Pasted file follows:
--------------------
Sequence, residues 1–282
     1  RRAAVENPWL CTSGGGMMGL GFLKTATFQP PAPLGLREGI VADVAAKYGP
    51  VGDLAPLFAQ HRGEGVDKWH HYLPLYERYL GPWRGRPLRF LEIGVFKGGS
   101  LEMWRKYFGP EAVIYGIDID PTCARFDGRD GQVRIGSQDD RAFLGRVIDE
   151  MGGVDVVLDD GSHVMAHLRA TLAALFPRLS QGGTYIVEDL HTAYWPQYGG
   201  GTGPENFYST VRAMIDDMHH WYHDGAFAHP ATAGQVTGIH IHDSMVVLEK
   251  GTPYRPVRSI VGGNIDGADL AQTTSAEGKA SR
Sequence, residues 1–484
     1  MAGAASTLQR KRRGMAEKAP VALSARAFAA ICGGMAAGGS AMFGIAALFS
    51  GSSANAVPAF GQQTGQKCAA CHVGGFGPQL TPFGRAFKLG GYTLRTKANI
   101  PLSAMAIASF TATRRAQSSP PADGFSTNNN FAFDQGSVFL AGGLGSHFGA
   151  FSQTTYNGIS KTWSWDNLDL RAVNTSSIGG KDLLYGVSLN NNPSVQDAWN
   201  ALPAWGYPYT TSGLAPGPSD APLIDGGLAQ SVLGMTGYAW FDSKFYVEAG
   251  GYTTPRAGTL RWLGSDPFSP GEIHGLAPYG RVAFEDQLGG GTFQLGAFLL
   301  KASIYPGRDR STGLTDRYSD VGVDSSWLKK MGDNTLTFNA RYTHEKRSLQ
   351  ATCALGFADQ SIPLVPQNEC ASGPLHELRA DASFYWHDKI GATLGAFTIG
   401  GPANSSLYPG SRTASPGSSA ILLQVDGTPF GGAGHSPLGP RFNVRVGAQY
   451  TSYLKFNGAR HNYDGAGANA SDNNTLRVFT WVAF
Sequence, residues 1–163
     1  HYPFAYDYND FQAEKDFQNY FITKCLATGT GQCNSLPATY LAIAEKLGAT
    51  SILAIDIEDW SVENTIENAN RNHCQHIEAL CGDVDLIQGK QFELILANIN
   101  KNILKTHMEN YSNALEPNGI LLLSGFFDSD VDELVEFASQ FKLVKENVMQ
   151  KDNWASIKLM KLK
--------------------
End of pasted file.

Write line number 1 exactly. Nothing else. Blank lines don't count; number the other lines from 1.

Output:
Sequence, residues 1–282